This is my bulldog Mugsy at about 3 months old. Although he is much bigger today, I could not help but post my favorite picture! As I was thinking about the next post for Say Think Know, I looked at my lovely bulldog and smiled while thinking how awesome pets make us feel. So how does having a pet affect children? I was curious and searched for some answers. Most of what I found was common sense. The best result with the highest credibility came from the American Academy of Child & Adolescent Psychiatry – Facts for Families (see below).
Advantages of Pet Ownership
Children raised with pets show many benefits. Developing positive feelings about pets can contribute to a child’s self-esteem and self-confidence. Positive relationships with pets can aid in the development of trusting relationships with others. A good relationship with a pet can also help in developing non-verbal communication, compassion, and empathy. Pets can serve different purposes for children:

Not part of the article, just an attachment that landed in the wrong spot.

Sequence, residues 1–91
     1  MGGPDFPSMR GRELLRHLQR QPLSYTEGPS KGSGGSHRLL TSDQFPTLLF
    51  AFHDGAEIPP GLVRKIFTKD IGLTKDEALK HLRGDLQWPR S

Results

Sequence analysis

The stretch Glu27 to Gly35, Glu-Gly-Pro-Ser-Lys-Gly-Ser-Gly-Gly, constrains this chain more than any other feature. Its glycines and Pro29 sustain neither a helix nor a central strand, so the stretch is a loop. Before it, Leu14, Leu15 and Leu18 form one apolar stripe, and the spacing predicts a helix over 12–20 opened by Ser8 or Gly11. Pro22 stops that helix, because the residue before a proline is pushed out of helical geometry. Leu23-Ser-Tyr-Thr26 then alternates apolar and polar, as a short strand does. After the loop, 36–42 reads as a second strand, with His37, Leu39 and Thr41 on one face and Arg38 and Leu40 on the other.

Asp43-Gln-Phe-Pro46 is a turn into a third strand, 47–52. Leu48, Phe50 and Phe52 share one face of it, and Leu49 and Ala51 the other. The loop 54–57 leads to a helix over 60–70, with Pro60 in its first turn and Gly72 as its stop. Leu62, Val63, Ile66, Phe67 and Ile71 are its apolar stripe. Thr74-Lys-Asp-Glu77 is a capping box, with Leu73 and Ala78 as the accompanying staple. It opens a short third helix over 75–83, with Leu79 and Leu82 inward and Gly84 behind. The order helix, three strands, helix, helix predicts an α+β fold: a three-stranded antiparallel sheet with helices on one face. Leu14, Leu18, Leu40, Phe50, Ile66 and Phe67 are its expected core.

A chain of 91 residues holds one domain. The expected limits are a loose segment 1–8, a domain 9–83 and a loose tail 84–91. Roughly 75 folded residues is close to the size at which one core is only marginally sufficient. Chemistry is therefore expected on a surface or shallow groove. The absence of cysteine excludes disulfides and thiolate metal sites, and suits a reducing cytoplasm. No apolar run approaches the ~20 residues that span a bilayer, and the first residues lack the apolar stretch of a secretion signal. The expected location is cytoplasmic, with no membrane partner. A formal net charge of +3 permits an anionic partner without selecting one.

- They can be safe recipients of secrets and private thoughts–children often talk to their pets, like they do their stuffed animals.
- They provide lessons about life; reproduction, birth, illnesses, accidents, death, and bereavement.
- They can help develop responsible behavior in the children who care for them.
- They provide a connection to nature.
- They can teach respect for other living things.
Other physical and emotional needs fulfilled by pet ownership include:
- Physical activity
- Comfort contact
- Love, loyalty, and affection
- Experience with loss if a pet is lost or dies.
In my opinion, the theme to positive child development lies in providing experiences with loved ones (including pets) which foster critical thinking, socialization, encouragement and creativity.